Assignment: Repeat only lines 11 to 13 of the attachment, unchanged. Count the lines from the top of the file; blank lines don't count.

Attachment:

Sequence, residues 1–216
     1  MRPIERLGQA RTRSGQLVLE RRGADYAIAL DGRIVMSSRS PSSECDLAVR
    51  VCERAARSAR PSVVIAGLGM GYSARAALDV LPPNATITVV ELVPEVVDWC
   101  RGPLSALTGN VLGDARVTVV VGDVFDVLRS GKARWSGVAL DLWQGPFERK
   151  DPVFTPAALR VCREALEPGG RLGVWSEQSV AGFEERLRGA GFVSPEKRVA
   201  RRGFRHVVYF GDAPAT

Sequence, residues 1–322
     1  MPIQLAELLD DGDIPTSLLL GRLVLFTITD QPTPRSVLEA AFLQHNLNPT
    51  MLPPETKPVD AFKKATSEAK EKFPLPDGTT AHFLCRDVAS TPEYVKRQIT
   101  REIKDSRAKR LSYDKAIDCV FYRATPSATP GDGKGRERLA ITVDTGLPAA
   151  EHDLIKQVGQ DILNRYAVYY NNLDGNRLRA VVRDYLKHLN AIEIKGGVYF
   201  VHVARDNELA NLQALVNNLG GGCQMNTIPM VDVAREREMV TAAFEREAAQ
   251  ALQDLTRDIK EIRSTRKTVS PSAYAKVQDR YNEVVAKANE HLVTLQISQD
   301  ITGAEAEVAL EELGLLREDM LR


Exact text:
   151  EHDLIKQVGQ DILNRYAVYY NNLDGNRLRA VVRDYLKHLN AIEIKGGVYF
   201  VHVARDNELA NLQALVNNLG GGCQMNTIPM VDVAREREMV TAAFEREAAQ
   251  ALQDLTRDIK EIRSTRKTVS PSAYAKVQDR YNEVVAKANE HLVTLQISQD